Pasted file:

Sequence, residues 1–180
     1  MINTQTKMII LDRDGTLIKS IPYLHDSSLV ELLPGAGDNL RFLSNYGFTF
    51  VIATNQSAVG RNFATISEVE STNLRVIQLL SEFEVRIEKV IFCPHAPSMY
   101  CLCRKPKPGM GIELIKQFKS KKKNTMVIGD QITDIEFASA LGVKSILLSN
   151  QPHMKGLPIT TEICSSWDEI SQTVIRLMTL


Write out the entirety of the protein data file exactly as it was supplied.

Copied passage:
Sequence, residues 1–180
     1  MINTQTKMII LDRDGTLIKS IPYLHDSSLV ELLPGAGDNL RFLSNYGFTF
    51  VIATNQSAVG RNFATISEVE STNLRVIQLL SEFEVRIEKV IFCPHAPSMY
   101  CLCRKPKPGM GIELIKQFKS KKKNTMVIGD QITDIEFASA LGVKSILLSN
   151  QPHMKGLPIT TEICSSWDEI SQTVIRLMTL